Local Government Justice Reinvestment Commission Meeting August 30, 2017
This was the first meeting of the Commission, while the Justice Reinvestment Oversight Board had been meeting over the course of a year. Prior to the meeting, an agenda and membership list were available on the website of the Governor’s Office on Crime Control and Prevention.
Chair, Robert Green, Director of the Montgomery County Department of Correction and Rehabilitation brought the meeting to order and gave a summary of the mission and work of the Commission. Most importantly, he noted that the Justice Reinvestment Act (Chapter 515) goes into effect October 1, 2017.
Robert Green, the Chairman of this Commission, introduced Daniel Long who chairs the Justice Reinvestment Oversight Board, a judge and former legislator from the lower Eastern Shore.
Daniel Long reminded the Commission that the Justice Reinvestment Act (JRA) received strong bi-partisan support with a vote of 123-18 in the House and 46-0 in the Senate. He declared that the Justice Reinvestment Initiative will only work if there is partnership with local government, especially with regard to the number of opioid overdose deaths in the state. In the partnership, we must provide treatment options for persons struggling with addictions. He emphasized that the goal of the Justice Reinvestment Initiative is to SAFELY reduce the prison population. Thirty-three states have now passed Justice Reinvestment Initiative legislation. He reviewed some history of legislation in Maryland, including Senate Bill 602 which established an advisory council and Senate Bill 1005 which contained many of the recommendations from the advisory council. The key is to balance public safety with cost savings. We need to assure that offenders have opportunity to become productive members of society.
Throughout the meeting, the critical need for local involvement was emphasized. Local government, in partnership with the Justice Reinvestment Oversight Board, will be led by Local Government Justice Reinvestment Coordinating Councils. Local involvement must include provision of data and reporting of needs. It should enable sharing of successful programs and strategies and report local needs.
Janet Lane, the new Director of Justice Reinvestment and Don Hogan, Chief of legislation and Justice Reinvestment of the Governor’s Office of Crime Control and Prevention (GOCCP) walked the meeting through a power point about Maryland’s Justice Reinvestment initiative.
Janet Lane noted that the prison population, approximately 9,000 persons in 1981, by 2002 had ballooned to about 24,000. Hogan attributed much of the growth to the distribution of crack cocaine (at considerably lower cost than cocaine) and the consequent war on drugs.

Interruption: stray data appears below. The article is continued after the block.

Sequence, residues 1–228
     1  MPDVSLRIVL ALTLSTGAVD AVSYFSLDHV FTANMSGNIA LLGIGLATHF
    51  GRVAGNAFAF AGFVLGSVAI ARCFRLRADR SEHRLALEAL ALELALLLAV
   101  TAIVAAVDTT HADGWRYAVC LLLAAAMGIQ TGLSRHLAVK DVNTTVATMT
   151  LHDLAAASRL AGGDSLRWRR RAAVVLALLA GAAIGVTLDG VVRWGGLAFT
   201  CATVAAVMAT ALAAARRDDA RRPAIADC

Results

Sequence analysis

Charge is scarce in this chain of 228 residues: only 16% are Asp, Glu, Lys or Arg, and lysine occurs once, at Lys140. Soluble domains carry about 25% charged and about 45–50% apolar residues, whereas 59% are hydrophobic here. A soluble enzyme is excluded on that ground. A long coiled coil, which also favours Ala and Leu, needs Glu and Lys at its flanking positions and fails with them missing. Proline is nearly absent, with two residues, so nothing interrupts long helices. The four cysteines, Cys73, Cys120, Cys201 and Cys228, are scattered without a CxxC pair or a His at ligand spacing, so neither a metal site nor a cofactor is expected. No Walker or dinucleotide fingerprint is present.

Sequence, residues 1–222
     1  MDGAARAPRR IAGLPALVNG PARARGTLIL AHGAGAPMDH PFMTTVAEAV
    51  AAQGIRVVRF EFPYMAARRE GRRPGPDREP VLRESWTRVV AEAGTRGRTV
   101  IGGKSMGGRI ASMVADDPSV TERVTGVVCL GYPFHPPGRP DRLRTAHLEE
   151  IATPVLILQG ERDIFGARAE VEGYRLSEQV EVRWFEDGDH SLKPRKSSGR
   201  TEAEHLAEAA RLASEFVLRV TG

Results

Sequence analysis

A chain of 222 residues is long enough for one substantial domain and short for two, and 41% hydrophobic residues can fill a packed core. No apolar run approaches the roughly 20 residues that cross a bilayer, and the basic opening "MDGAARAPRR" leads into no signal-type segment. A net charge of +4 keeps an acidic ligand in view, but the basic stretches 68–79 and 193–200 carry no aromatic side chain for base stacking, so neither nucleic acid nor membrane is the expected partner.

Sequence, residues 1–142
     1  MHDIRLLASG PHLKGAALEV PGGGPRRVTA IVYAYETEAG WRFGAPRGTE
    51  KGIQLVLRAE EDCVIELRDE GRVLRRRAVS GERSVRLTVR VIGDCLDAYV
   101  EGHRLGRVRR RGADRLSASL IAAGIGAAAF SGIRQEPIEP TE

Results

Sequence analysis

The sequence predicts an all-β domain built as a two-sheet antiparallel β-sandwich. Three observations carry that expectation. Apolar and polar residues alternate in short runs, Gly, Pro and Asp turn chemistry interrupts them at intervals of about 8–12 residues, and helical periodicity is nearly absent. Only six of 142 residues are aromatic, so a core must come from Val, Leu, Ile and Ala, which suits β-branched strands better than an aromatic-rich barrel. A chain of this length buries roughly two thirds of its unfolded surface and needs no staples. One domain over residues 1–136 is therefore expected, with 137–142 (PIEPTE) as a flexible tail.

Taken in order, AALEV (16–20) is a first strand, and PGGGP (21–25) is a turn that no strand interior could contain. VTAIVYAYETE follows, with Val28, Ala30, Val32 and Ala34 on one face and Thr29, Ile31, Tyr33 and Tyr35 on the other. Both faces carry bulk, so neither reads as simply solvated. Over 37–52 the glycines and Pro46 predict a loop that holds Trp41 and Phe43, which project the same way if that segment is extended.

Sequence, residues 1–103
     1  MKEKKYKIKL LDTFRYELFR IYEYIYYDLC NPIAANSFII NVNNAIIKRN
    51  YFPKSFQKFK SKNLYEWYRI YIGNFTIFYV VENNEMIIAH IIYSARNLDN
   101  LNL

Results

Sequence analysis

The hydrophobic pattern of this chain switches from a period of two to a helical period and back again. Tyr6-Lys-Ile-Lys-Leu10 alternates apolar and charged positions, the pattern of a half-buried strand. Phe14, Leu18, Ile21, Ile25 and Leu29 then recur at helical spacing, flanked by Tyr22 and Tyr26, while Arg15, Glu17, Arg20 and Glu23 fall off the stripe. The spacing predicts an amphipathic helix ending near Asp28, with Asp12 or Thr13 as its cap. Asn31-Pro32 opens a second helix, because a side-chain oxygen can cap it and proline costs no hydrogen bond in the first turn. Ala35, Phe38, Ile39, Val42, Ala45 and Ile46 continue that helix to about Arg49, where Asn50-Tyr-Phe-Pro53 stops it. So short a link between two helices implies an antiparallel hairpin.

Texas was the first state, in 2007, to form a Reinvestment commission to address what would have been a need for additional prisons. Maryland was the 31st state to establish a Justice Reinvestment Initiative. There are three levels of boards/commissions spelled out in the JRA: The 25 member Oversight Board, the 12 member Advisory Board, and the 24 member Local Government Justice Reinvestment Commission, one member from each Maryland county. To date, the Justice Reinvestment Coordinating Council (JRCC) has published a report, in December 2016, along with 6 additional studies/reports which are all posted on the GOCCP website. The JRCC developed 19 recommendations which are included in the JRA, 515, which is to be implemented October 1, 2017. The recommendations focus on:
- diversion/deflection (pre-trial, “front door”),
- rehabilitation (behind the walls),
- restorative justice (victims’ rights, including restitution),
- re-entry (pre-release and after release).
Don Hogan cited data from Maryland jails indicating that 69% of the prison population suffers from substance abuse, and 39% have a mental illness or mental health concern. 35% have both a substance abuse issue and mental health concern. 108 persons have received Vivitrol prior to release. (Vivitrol blocks opioid receptors in the brain and reduces cravings that can trigger a relapse into addiction.)
Local jails will be reimbursed $45 per day per person to house persons coming back to local prisons from state prisons. There was discussion of legislation from 1989 revised in 2007, 8-505 and 8-507, giving procedures for current inmates receiving court-ordered in-patient treatment instead of incarceration. Mr. Hogan noted the need for additional providers of in-patient treatment services; questions from members of the commission elaborated on this concern.
The JRA addresses the need for enforcement of restitution for victims and the difficulties in the process of collecting restitution. All inmates ordered to pay restitution to a victim will have 25% of the wages earned on work-release withheld for restitution payment. 5% of grants through Performance Incentives will go to victims’ restitution. There will be a study of the various restitution programs in the state to understand better what is effective and what problems need to be solved.
He noted that the state cannot expect to see meaningful savings for justice reinvestment from implementation of JRA until 2019, but pointed out that the prison population is now approximately 19,000, down from the all-time high of 24,000 (and from 22,000 in 2014).